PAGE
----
Guest blogging for us today is one of LifeWay Worship’s favorite (and funniest) songwriters, Dave Clark. With 25 of his songs having reached No. 1 on Christian Music Charts and an ASCAP Living Legend Award to his name, we believe Dave knows a thing (or two) about songwriting.
My name is Dave Clark, and I’m a songwriter… with a Pastor’s heart. Down through the years, I have been blessed to write songs for many of Christian music’s top artists including, Phillips, Craig and Dean, 4HIM, Larnelle Harris and CeCe Winans. For many of those years, I have also served as publisher of a large publishing company, and in that time, I have seen many trends come and go and just as many writers pursue those trends. It is from this perspective I offer the following thoughts (along with the added bonus of a little sarcasm).
While there seems to be no shortage of advice available from blogs, web sites and seminars on how to write a great worship song, there seems to be a void of information on how not to write one. So here goes my best advice on How NOT to Write a Worship Song.
1. Make sure the focus is on you and how you interact with God. Before you begin, make sure you are spending an inordinate amount of time determining what kind of mood you have been in lately. Get in touch with your feelings regarding whether or not life is treating you fair and how you think God feels about it.
2. A spontaneous worship experience is always a sufficient substitute for craft. If you can put three chords and a melody line to what you felt in the moment, don’t let it get bogged down with the craft of songwriting. After all, if the moment was real to begin with, that is enough.
3. Don’t limit yourself to merely a few octaves. Since worship is ultimately about giving God your best, by all means, include every note you can sing in every worship song you write. Pay no mind whatsoever to the fact that many who may attempt to sing your song will not have near the vocal range you do.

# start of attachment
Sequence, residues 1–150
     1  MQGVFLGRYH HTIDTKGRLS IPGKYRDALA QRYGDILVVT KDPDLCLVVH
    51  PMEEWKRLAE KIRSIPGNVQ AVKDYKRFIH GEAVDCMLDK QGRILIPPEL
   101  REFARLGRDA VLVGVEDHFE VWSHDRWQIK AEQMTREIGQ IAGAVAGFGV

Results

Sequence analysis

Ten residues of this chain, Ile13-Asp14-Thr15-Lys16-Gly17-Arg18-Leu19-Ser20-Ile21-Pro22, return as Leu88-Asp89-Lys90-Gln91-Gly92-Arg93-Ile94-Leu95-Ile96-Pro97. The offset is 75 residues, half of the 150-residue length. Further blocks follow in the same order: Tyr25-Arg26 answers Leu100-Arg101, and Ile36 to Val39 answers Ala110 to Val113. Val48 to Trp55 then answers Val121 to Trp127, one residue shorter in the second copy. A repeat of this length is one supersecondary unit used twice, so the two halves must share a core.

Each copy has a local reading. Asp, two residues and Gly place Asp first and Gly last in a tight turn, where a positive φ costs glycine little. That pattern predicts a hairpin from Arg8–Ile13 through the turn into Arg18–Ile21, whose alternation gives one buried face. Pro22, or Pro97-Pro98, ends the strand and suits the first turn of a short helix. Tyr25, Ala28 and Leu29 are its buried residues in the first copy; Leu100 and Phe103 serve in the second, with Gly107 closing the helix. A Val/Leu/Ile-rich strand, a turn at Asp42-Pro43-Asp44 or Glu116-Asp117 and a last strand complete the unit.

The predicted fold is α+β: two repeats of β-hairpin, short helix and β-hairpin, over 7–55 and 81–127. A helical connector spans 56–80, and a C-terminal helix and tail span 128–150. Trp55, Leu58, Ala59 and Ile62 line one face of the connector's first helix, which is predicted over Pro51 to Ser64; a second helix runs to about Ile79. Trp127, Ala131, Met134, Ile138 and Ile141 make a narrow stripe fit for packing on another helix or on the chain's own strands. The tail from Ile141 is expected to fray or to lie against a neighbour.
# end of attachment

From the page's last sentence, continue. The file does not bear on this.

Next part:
4. It’s worship music so it doesn’t have to be original. Always try to seek out familiar rhymes and chord progressions that have been tried and tested before (i.e. praise and raise, voice and rejoice, etc…) The progression of C to A to F has also been found above reproach through the years. The point is to stay in the safe zones lyrically and musically so that no one can find anything wrong with your song.
5. Consistency is overrated. Because the rules for worship writing are looser that ordinary songwriting, don’t let your writing be hindered by the simple matter of consistency. It is okay to jump randomly from a vertical to horizontal lyric or from first person to third person.
6. If God wrote it, who are you to re-write it? Be careful not to fall into that familiar trap of experienced songwriters who feel like they can take the original song and continue to improve on it with more work. If God gave it to you to begin with, it is best to leave well enough alone.
Is there any other advice you would add?
Dave Clark, an award-winning songwriter, is a Michigan-native that lives in Nashville, Tennessee with his wife of more than 30 years, Cindi, and his three amazing children, Allison, Anna and Sam. Along with having 25 No. 1 songs (on Christian Music Charts) to his name, Dave recently graduated from Nazarene Bible College with a Bachelors Degree in Ministry. In 2013, he was ordained as an Elder in the Church of the Nazarene. In addition to writing words, his hobbies include editing video, playing any instrument with strings and standing in line for whatever Apple sells. You can read more about Dave on his web site: DaveClarkWrites.com. You can also find him on Facebook or follow him on Twitter at @DaveClarkWrites.